Defending his Ministry’s policy to impose parking charges for teachers, Minister for Education Ong Ye Kung said that the decision has to do with “self-discipline”.
Earlier, an AGO report said that free parking for teachers is akin to a hidden subsidy that contravenes the “clean wage policy” set by the public service division. The clean wage policy makes it a point to make sure that salaries are all accounted for and there are no hidden perks.
Making reference to the AGO report, the 4G Minister said that the government has to “respect our internal system of checks and balances” and “cannot pick and choose which finding to address or comply with – we take them all seriously”.
For someone who has some experience working with Government-linked companies, it is surprising that the Minister would not know how to deal with an audit report.
In the corporate world, there are numerous instances where management disagree with the findings of their auditors and would defend their decision in the audit response. The final decision would then be decided by the audit committee.
Should his ministry not have to bring this up to the President or Prime Minister for them to decide on this issue? Shouldn’t there be more comprehensive consultation on this matter, given the backlash it has produced?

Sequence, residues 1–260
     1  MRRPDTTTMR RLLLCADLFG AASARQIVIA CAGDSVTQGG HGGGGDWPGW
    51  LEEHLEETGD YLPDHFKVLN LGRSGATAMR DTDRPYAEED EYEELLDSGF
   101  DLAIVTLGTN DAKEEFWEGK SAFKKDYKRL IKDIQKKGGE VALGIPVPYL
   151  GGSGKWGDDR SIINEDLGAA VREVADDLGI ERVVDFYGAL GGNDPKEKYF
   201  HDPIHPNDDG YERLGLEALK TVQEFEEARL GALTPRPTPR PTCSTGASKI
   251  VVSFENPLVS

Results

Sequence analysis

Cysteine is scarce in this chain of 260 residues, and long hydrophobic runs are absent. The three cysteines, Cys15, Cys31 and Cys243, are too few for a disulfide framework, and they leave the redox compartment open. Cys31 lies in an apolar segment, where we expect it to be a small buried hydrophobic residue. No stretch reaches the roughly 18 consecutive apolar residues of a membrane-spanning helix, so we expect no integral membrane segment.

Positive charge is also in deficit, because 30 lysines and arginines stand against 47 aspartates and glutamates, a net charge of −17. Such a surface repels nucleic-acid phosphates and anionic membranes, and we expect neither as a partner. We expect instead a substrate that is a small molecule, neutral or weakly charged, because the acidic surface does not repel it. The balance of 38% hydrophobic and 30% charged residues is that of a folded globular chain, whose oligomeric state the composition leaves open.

A good benchmark that the government could adopt would be to look at what is fair, reasonable and in line with international standards. For example, schools the UK have the right to decide on whether they wish to charge teachers for parking or not.
Otherwise, where does one draw the line? Should teachers be expected to pay for coffee in the pantry because that similarly accounts for hidden perks that is not accounted for in their wages?
Even former NMP Calvin Cheng – who has been known to be supportive of PAP policies – seems to disagree with Minister Ong.
In a Facebook post, Cheng offered the notion that if “parking was already free and there [was] no monetary value to [it]” then this “cannot be counted as a perk and a contravention of the clean-wage policy”.
Others were less convinced and labelled this as weak leadership, with one user commenting on the Minster’s Facebook post that his defence was downright lame.
The user wrote: “AGO is not a political office. Yours is. The difference is factual vs contextual. AGO does not balance pros and cons. Political leaders must. Why take the lead from AGO instead of leading? Lame excuse for wrong decision”.
Just last week, Finance Minister Heng Swee Keat did say that the 4G leaders with listen to the people “with humility and respect”. Less than a week later, the Education Minister has proven this wrong with his line of reasoning. Surely – given the sentiments from the people – the minister cannot claimed to have listened?
It is clearly disappointing that he has neither listened to the ground with humility nor acted with the slightest bit of common sense.
The views expressed in this piece do not represent the views of the editorial.
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